So naturally, we found each other. But as a young child, I did not really have the tools to understand what that was all about. So I instinctually retreated a lot and found solace in building a creative world in which I found some freedom, solitude, and belonging to whatever it was that I was exploring at the time. That world often existed in my parents’ basement in which I would create elaborate worlds, build sets out of large pieces of construction paper, cardboard, and odds and ends I would find throughout the house. I would sing my heart out down there and write scripts which often dealt with some kind of “strife.”
When I think about it now, I have to chuckle a bit. I mean, what did I know about suffering at the age of eight? But there was something within me that yearned to understand why others experienced suffering and how to find one’s freedom from suffering. I remember the first script I wrote at that age was called “The Beast and The Servant”. It was about these two extremely different beings that went through all these “trials and tribulations” to try to reconcile their differences only to find out at the end of the 15-page script, that it was a little boy looking in the mirror the whole time.
Around that time, I ended up finding out that my best friend had been cast as one of the two child roles in a professional production of South Pacific. Though I have always known what a play was and did little plays in my basement, I had never seen a professional production. I guess you can say that I knew theater existed, but I had no idea what theater actually was or was capable of creating. Long story short, he ended up getting house seats one evening, and his mom took me to see it. I actually get tears in my eyes thinking about it now because that night forever changed my life. The second I sat in that beautiful theater, the lights went to black, the orchestra started, and the stage lights illuminated and I, for the first time, felt like I was home.
It was like all those “things” that I was doing in my basement and trying to make sense of finally made sense. The creative part and the understanding about people part. From that moment on, I never looked back. It was like a laser focus love affair with the theater, acting, and art. From there, I started to immerse myself in everything I could about acting and the theater. I became obsessed with Broadway. And I begged my parents to allow me to start auditioning. And I auditioned for everything I possibly could. Ironically enough, I ended up booking a role at the same theater my friend worked at about a year later, and the rest was history.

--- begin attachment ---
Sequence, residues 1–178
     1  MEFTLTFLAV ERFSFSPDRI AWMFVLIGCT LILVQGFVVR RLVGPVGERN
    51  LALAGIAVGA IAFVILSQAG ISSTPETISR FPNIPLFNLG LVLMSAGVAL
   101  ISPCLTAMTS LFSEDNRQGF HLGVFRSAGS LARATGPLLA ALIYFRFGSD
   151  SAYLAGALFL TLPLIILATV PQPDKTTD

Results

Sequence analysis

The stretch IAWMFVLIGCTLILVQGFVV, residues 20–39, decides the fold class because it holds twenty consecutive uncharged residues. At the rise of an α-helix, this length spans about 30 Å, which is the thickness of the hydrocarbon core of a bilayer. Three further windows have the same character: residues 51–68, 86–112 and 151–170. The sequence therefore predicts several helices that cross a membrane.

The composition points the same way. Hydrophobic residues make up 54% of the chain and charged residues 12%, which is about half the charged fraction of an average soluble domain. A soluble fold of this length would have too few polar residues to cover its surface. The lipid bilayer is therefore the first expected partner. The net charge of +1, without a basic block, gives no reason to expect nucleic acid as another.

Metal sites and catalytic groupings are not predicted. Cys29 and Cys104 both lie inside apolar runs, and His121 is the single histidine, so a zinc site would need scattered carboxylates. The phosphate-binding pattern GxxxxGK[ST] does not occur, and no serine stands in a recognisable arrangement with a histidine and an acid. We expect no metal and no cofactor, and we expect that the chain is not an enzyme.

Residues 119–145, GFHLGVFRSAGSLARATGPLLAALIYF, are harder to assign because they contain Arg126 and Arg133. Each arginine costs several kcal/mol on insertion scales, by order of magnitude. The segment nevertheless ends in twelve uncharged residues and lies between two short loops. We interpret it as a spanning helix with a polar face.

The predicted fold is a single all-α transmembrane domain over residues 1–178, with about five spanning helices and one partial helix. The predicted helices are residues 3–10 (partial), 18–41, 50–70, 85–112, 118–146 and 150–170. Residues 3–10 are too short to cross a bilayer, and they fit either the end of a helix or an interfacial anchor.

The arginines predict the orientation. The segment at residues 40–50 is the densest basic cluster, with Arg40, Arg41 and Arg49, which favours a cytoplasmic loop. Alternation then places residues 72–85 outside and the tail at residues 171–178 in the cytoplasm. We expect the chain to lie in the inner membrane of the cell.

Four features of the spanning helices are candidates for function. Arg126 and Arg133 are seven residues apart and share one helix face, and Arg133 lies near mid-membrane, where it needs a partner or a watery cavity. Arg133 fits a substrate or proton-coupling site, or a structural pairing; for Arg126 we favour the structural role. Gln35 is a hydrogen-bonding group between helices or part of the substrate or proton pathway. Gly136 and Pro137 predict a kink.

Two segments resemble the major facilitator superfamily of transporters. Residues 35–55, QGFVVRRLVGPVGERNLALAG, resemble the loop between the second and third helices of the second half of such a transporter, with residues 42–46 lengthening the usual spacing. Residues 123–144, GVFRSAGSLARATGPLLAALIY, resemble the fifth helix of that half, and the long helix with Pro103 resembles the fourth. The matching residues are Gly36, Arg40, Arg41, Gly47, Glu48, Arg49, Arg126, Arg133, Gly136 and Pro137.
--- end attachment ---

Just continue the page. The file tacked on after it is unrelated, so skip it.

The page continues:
As a child actor, I got away with a lot of bad habits in my work. So it was clear that in order to have a long-standing career, I needed to know what I was doing. Once high school was over, I started to audition for professional actor training programs at some of the most prestigious conservatories in the country. I finally chose to go to North Carolina School of The Arts for three reasons. First, the program was impeccable and consisted of an international legendary faculty that was wholeheartedly committed to teaching the craft of acting. Second, it was in the middle of nowhere so there would be absolutely no distractions. There was literally no choice but to focus on the work and that is why everyone who attended this conservatory was there. It was all about the work.
And third, they only accepted a small ensemble each year giving us all individual attention and amazing opportunities during our training and there after. Following my training, my school offered a consortium, and I ended up in NYC and signed with my theatrical, commercial, and modeling reps. From there, I was fortunate to have had the opportunities to work in noted productions on and off Broadway, on television and film, as well as doing numerous campaigns and commercials. Then one fine evening, I finished the curtain call for a show that I was in at the time and headed to meet up with some friends for a nightcap. It was then that my life changed again.
One of them worked in the admin department of a pretty well-known studio in the city and asked me if I ever thought of teaching acting. We discussed my process, approach, and how I personally worked. Next thing I knew, I was offered a job teaching acting. Looking back now, though I was confident in what I was doing for myself as an actor at 23, I probably had no right to teach at that age. I was still trying to implement what I learned in my training and continue to refine my craft and make it my own without it being some formula or heady equation. I was still learning to allow my craft to bring me fully alive to the truth within the work. With that said, I accepted anyway and started teaching when I was not doing the show. The rest is history. I fell in love all over again.
I began working with actors of all ages and from all over the globe teaching craft while also implementing some of my intuitive abilities to help those experiencing obstacles in their life and work connect and transmute the components contributing to those circumstances.